19 Pricing: Insurance Fees Uniform fees Could be de-stabilizing Risk-based pricing Expected loss penalizes riskier banks but also smaller ones. Unexpected loss contribution based pricing penalizes larger banks. Ex-ante and Ex-post pricing; Ex-post rebates. Pro-cyclicality Designated Reserve Ratio drops when banks are weak, while the fund requires higher premiums when banks can least afford them. Fairness. 19

20 FDIC Pricing: Insurance Fees US: average 23 basis points, with a target level of reserves under the FDIC Improvement Act (FIDICIA) of 1.25% of insured deposits ( Designated Reserve Ratio ), plus a US$30 billion line of credit from the Treasury. After 1999, 97% of insured deposits had a de facto zero fee and the remaining 3% was differentiated by risk in 5 buckets with fees going from 3 to 27 bps (minimal risk differentiation for 8,000 insured banks with large differences in risk profiles and size). 20

21 Risk-based Pricing At a minimum premiums should cover expected losses: Making the fund self-financing through time; Relieving moral hazard; However,leads to under-pricing of very large exposures. To correct contributory risk affecting loss distribution should be included (Unexpected Loss Contribution). P i = El i + h ULC i 21

22 Risk-Sharing Splitting of loss-distribution in to two zones (see graph): Zone A: smaller losses cover by reserves; Zone B: catastrophic losses cover by loss reinsurance This structure mirrors the loss distribution for banks: Losses are covered by the bank shareholders up to the capitalization level; Beyond that, losses are borne by the deposit insurance fund and uninsured creditors. Risks are held by: government, banks themselves (mutual insurance), private capital or reinsurance market. 22

23 Risk-sharing: Zone A and B 23

24 Government System Mandatory Government assumes both parts of the risk distribution: Zone A losses -->Reserve Fund Zone B losses --> Treasury Deposit Premium = Expected loss <pricing by private sector (public good). Death spiral effect : Deterrence effect of insurance premiums might be insufficient if risk-taking is U- shaped (does not deter well capitalized banks or severely under-capitalized banks ==> need to complement it with other tools (PCA). 24

25 Private System Losses to be shared between banks and the capital and reinsurance market. Banks mutually insured losses in Zone A but reinsure or transfer Zone B losses. Practical problem: Fund s reserves well below insured deposits of largest bank. If so solvency standard difficult to reach. Higher price than in the closed government system. Large banks will be charged proportionately more because they impose a much greater need to hold incremental economic capital. 25

26 Private system (cont.) Cyclical behavior: during expansion system accumulates reserves beyond target solvency standard. If they result from: risks in Zone A --> rebates to banks; risks in Zone B --> profits to reinsurers. When reserves fall below the solvency standard there will be a need to recapitalize the fund. This is problematic since additional capital will be required at the trough of the business cycle. Although in theory a private system might lead to efficient pricing and correct incentives, in practice it might be unworkable (size of insured deposits vs. size of K and insurance markets). 26

27 Hybrid Deposit Insurance System Banks might mutually insure Zone A losses, while Government reinsures Zone B losses. The risk sharing determines how the risks are split. This leads to a dual pricing system, but government should chage banks for the expected loss for the excess of loss reinsurance. The latter would be very small if government insures extreme catastrophe losses. The price for insuring small banks in Zone A will depend on the sharing point. Expected losses plus economic charge for loss volatility up to the risk sharing point. If Zone A is small, prices will be close to expected losses. 27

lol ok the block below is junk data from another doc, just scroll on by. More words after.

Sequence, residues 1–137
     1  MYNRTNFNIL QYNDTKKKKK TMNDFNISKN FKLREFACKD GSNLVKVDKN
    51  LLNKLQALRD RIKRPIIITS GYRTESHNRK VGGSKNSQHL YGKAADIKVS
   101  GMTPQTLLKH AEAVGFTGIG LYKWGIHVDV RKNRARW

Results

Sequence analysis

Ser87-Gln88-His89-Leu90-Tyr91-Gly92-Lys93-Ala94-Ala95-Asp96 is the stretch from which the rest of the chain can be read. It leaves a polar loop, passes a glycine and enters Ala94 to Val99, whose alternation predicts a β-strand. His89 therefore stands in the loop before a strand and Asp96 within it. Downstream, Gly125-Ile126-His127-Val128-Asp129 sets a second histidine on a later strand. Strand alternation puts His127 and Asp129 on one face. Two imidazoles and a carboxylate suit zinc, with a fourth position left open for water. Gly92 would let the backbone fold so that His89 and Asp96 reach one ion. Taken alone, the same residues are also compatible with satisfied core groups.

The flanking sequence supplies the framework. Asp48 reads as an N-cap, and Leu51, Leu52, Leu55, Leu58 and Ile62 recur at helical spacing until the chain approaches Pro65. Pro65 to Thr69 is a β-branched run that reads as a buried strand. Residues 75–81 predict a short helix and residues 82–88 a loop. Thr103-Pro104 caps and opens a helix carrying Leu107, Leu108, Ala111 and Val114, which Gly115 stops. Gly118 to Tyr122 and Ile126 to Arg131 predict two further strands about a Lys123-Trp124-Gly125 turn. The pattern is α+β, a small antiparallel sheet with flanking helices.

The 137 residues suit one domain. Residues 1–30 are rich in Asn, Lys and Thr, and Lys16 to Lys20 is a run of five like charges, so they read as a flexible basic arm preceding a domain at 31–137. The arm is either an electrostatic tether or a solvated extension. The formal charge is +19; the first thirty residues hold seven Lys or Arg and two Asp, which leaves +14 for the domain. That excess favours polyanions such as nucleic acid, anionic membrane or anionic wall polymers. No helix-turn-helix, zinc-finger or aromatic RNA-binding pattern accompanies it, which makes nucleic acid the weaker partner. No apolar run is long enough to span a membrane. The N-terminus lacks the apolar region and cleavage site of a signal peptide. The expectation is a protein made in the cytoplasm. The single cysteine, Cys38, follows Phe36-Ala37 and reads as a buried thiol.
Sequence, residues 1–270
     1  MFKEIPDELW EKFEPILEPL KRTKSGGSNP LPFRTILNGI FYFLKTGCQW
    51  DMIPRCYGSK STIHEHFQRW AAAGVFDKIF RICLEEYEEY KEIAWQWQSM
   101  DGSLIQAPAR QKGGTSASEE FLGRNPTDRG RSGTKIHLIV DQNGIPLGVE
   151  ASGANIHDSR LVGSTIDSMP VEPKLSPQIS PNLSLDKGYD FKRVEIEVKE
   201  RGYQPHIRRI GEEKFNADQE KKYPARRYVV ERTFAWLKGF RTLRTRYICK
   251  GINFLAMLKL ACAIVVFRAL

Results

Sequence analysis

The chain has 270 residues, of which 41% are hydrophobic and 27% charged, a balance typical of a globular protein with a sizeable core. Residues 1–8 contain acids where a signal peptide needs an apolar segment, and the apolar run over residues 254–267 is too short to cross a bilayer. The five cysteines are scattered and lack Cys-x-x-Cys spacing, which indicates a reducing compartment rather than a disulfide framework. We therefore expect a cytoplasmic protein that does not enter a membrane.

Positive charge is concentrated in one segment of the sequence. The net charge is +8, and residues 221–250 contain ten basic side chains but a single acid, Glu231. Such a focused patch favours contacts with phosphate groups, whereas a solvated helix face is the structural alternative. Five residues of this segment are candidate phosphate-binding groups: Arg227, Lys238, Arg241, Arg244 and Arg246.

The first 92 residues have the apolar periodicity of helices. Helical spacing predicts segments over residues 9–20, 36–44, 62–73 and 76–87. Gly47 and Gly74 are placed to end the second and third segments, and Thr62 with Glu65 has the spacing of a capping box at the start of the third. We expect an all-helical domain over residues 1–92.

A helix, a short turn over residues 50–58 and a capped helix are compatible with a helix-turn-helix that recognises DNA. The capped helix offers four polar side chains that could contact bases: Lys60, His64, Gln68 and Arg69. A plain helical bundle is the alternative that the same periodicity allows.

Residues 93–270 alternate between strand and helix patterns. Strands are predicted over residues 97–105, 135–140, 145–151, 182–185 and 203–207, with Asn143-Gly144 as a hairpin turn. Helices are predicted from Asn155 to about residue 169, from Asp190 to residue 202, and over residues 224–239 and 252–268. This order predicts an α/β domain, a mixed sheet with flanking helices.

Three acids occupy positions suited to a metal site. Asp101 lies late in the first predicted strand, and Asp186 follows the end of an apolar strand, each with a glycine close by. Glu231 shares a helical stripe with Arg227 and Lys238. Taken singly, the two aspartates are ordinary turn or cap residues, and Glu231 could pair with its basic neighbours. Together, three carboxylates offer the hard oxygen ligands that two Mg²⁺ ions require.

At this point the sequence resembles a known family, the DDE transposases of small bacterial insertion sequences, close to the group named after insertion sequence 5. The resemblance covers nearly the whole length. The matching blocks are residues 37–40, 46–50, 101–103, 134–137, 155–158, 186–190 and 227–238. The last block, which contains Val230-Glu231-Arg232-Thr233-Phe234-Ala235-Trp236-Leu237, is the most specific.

28 C. The Mexican case Severe banking crisis (December, 1994); Universal deposit coverage to prevent bank runs (blanket guarantee including inter-bank deposits); Shock Denial Least cash but not least cost solution (FOBAPROA bonds) Creation of IPAB (1998) Towards resolution of banking problems Recapitalizations privatizations, liquidations and sale of NPLs. Cost of the crisis about 20% of GDP. Transitioning to a limited-coverage deposit insurance system. 28

29 D. Conclusions The risk management problem faced by a deposit insurance fund is directly related to the riskiness of the insured individual banks in the portfolio. Modern risk analysis theory should be used to estimate the cumulative loss distribution. Loss distributions should be broken down into two zones: Zone A losses covered by reserves (funded or collable) and Zone B excess losses covered by reinsurance. It must be decided who bears the risk in each zone of the loss distribution and how does the partition point influence pricing. Heterogeneity of banks complicates matters. 29

30 Conclusions (cont.) Arguably, the most practical and lowest cost solution is for the government to own both parts of the loss distribution. This can be viewed as a mandatory insurance contract between the government and the banks. Pricing should be risk-based on expected losses. This greatly mitigates banks moral hazard and ensures self financing over time. Countries with explicit deposit insurance are more attractive to international non-bank depositors, as well as those with coinsurance, low premiums and private managed systems. 30

31 Conclusions (cont.) Differential deposit insurance in each country offers the possibility of international regulatory competition. The EU Directive on deposit insurance imposes minimum standards but it is silent on the level of the premium. Unanswered questions: Cost to taxpayers for providing insurance provision. Only as a backstop providing catastrophic insurance?. How does this affect the probability of systemic risk?. 31

32 Bibliography Deposit Insurance and Risk Management of the U.S. Banking System: How Much?, How safe?, Who Pays?, by A. Kuritzkes, T. Schuermann and S. Weiner, The Wharton School, Financial Institutions Center, U. of Pennsylvania, 02/02-B, April 29, Guidance for Developing Effective Deposit Insurance Systems, Financial Stability Forum, September, Deposit Insurance Around the Globe: Where does it work?, E. Kane and A. Demirguc-Kunt, NBER, WP 8493, September, Deposit Insurance and International bank Deposits, H. Huizinga and G. Nicodeme, Economic Papers, Economic Commission, Directorate General for Economic and Financial Affairs, Number 164, February,